The stone row ends at when the slope gets gentle. Did it so always? I don't know but it leads to a little hilltop where a large boulder sits among remnants of stone rows almost encircling it sort of.
I'll post that sometime soon, but here's the uphill end of the stone row, looking south:
The stone on the high point:
The stone faces south - or perhaps the stone "face" faces south?
Inbetween details of some stones:
Mount Toby is the most modern of names for this high point above Waterbury, first known by it's Indian name "Mattatuck"; Mountobe is suggested to be the earliest recorded form of the word. Frank Speck and others record the Mohegan dialect's form of "Manitou" as Manto, interestingly enough. Scattered about in the greater Waterbury or Mattatuck region are lots of things with names derived from the Native American word Montoe, like "Montoe's House Rock" up by the "Old Hunting Caves" that have become the "Leather Man's Caves."
“MOUNTOBE, MOUNT TOBE—This mountain is separated from Mount Taylor on the south by Spruce brook, and extends upward about three miles to the One Pine hill in Plymouth. On the west, it is separated from Jericho rock by George's brook, named from George Scott, son of Edmund, the planter. On it, the Gaylords and the Warners had lands laid out at an early date. About 1785, Victory Tomlinson, owner of a large proportion of the stock of the Waterbury River turnpike, lived on the mountain only a few feet from its summit, which is 893 feet high.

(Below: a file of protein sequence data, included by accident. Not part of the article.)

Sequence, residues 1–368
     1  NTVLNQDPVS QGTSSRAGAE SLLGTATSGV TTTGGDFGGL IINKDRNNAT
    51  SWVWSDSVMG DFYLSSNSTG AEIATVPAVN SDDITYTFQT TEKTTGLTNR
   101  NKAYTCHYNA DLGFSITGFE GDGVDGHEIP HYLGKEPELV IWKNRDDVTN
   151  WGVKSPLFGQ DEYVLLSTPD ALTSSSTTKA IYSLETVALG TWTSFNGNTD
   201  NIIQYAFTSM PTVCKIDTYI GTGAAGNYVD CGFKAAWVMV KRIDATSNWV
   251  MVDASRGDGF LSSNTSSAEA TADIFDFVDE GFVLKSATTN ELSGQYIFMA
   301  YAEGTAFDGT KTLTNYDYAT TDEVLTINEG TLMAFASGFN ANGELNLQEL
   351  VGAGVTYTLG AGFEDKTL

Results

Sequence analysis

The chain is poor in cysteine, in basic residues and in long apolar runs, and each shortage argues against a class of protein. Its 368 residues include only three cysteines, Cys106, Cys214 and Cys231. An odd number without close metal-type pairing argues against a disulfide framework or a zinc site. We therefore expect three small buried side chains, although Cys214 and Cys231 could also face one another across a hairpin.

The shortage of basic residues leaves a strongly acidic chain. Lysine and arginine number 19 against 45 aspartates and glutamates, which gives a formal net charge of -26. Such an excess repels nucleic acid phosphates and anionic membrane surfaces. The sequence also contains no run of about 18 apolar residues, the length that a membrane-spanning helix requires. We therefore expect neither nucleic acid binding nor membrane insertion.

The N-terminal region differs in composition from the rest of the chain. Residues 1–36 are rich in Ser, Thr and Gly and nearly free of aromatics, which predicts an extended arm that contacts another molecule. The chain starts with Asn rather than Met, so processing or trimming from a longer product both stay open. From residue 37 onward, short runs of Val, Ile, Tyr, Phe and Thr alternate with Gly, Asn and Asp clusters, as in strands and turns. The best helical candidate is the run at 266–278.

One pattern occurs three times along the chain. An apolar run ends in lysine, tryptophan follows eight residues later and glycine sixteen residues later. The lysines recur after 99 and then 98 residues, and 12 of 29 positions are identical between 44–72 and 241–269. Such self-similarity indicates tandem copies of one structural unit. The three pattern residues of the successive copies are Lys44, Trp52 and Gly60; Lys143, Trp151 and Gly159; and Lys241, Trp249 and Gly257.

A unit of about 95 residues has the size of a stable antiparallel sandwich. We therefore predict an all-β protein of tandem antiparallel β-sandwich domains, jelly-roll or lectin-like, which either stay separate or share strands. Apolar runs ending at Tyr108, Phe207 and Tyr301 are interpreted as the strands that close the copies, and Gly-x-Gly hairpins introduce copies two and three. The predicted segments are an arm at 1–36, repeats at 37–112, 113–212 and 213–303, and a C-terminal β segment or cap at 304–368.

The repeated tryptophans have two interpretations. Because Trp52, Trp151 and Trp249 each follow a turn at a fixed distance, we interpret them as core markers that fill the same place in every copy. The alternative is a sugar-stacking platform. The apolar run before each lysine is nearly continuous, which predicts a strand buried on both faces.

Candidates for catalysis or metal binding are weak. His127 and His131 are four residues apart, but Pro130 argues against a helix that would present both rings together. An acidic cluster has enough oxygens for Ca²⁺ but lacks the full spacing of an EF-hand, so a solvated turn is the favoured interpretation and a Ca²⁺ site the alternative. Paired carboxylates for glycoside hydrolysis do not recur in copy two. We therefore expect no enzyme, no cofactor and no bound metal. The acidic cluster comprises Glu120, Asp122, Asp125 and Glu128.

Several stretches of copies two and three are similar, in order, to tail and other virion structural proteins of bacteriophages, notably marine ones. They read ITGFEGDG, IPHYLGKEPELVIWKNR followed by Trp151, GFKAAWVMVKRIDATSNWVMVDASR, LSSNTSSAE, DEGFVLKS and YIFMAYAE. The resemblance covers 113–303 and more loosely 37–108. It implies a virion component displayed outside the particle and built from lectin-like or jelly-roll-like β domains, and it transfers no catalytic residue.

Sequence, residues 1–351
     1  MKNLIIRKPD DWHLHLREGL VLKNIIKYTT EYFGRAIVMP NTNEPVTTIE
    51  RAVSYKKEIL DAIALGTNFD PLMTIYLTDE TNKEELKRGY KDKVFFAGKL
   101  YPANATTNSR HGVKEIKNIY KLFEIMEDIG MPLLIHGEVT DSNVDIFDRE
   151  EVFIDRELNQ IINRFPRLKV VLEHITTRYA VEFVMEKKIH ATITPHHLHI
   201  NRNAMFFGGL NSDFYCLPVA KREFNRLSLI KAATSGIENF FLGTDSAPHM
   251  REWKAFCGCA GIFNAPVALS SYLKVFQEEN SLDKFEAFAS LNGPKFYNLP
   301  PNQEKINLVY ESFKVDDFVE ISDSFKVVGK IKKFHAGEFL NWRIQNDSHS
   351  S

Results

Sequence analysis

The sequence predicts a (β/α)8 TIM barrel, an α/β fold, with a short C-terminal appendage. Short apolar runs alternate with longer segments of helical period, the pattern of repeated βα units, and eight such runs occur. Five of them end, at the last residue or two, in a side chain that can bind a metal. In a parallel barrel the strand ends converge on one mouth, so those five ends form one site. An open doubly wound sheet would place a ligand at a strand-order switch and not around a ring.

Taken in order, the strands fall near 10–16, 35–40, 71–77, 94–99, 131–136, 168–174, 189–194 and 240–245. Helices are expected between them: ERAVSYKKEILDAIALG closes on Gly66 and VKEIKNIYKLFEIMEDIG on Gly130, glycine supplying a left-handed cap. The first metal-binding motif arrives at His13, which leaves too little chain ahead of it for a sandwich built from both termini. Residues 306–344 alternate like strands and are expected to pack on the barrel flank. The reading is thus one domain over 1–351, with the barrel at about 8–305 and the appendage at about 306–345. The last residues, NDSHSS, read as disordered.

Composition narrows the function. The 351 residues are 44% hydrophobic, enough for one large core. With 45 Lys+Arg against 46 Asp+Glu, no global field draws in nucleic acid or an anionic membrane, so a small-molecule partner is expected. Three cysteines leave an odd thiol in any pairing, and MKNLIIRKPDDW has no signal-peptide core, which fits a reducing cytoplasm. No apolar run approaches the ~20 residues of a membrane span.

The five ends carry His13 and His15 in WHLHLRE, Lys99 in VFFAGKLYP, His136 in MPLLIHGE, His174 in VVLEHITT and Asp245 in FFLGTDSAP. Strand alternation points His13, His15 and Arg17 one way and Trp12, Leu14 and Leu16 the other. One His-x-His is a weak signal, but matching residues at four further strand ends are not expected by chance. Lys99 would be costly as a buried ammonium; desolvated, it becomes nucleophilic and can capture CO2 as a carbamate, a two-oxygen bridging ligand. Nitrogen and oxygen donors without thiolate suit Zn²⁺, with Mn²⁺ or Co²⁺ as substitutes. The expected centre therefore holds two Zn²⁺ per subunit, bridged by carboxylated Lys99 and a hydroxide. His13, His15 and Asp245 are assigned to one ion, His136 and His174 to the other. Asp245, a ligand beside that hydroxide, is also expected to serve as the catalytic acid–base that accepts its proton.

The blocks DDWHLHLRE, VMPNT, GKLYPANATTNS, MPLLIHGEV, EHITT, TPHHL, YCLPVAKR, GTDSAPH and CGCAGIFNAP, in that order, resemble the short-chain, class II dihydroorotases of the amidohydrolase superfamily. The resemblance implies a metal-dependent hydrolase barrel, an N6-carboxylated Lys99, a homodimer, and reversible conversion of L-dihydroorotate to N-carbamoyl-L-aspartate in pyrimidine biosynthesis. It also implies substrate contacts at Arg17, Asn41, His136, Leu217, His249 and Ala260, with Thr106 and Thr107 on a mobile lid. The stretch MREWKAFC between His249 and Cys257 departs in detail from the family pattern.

THE TIMBERED MOUNT TOBE —The uppermost peak of Mount Tobe. It is two feet higher than the main part of the mountain.
LITTLE MOUNT TOBE—Thought to be the hill at Greystone, between which and the mill-pond the railroad passes. It is just above the Plymouth line.
In the line of Indian occupancy referred to, we find the following place names: … to the northward lies "Mount Toby." This is frequently written Mount Tobe, while Mr. Southmayd alone probably gave to us its correct name, in Mountobe, an Indian name, and easily corrupted by the early recorders (who evidently disliked "monotonous spelling") into Mount Toby.”
The town and city of Waterbury, Connecticut , Volume 1 (Google eBook) FROM THE ABORIGINAL PERIOD TO THE YEAR EIGHTEEN HUNDRED AND NINETY-FIVE.
EDITED BY JOSEPH ANDERSON, D. D.
BY SARAH J. PRICHARD AND OTHERS.
NEW HAVEN: THE PRICE & LEE COMPANY.